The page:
It may turn out to be one of the strangest political revivals on record — a comeback without the protagonist having gone anywhere. In the hours and days after the Palestinian groups Fatah and Hamas hammered out a unity agreement for governing the West Bank and Gaza in late April, media reports presented Palestinian Prime Minister Salam Fayyad as politically dead and buried. A moderate who told The New York Times at the start of his premiership that it was his “full intention to disappoint Hamas,” Fayyad went on to become hated by the Islamist movement and less than popular with Fatah and its leader, Palestinian Authority President Mahmoud Abbas. He was said to be a certain casualty of reconciliation between the two factions.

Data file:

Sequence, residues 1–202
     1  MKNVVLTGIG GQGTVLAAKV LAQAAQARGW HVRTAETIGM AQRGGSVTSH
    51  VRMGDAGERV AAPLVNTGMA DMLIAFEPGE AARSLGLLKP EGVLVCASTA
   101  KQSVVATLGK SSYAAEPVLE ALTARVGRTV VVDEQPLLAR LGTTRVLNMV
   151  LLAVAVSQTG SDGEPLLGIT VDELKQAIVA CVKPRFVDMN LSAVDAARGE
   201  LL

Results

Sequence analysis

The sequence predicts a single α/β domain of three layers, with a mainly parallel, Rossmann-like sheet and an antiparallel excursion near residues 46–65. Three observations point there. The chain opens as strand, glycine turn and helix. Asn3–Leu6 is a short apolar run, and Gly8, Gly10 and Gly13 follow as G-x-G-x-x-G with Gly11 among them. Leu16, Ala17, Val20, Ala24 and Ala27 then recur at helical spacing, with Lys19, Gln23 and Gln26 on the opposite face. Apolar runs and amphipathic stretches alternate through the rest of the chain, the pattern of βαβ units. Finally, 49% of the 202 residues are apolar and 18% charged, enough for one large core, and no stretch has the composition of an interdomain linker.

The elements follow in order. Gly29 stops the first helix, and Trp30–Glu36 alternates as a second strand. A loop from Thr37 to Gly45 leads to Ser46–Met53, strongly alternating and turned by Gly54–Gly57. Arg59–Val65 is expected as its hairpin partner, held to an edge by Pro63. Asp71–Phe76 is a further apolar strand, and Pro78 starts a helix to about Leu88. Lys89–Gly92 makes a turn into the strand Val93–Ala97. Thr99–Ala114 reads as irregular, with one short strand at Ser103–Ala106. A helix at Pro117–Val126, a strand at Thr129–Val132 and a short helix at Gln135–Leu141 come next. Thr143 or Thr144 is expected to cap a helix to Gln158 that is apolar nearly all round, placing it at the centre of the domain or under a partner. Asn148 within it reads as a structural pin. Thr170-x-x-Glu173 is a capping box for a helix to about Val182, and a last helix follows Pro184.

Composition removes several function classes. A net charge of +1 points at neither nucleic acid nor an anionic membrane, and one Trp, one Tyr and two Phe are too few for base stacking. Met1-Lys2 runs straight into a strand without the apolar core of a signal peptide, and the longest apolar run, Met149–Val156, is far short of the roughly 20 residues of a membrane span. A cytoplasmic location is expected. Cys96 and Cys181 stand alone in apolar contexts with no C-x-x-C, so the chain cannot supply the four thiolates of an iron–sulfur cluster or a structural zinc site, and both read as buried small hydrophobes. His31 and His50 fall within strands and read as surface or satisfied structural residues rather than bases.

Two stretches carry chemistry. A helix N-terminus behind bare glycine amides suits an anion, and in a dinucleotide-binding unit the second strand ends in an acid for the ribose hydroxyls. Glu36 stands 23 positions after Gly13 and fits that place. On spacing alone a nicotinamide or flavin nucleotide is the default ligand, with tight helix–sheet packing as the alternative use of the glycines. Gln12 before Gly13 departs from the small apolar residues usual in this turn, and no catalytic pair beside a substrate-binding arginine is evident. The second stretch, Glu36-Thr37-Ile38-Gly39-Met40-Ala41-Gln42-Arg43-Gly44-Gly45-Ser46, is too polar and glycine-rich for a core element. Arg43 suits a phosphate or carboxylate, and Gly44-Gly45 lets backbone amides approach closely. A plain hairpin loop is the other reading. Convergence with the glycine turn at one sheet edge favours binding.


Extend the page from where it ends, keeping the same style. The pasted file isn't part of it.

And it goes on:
When Israeli Prime Minister Benjamin Netanyahu speaks to America’s Congress on May 24, he will be appearing in front of some of his greatest fans in the United States. But his remarks will be addressing the Obama administration, a much more critical constituency.13
At a recent celebration in Brighton Beach, Brooklyn, World War II veterans who served in the Soviet armed forces held a low-key gathering; meanwhile, in the FSU, their comrades in arms were being feted with grandiose parades.6
When federal prosecutors charged New York State Senator Carl Kruger with taking more than $1 million in bribes in March, few were surprised to see seven others indicted with him. The colorful Kruger, who represents the heavily Jewish Brooklyn neighborhoods of Brighton Beach, Gravesend and Sheepshead Bay, has long attracted media attention for high-profile deal-making among a wide network of politicians and lobbyists.6
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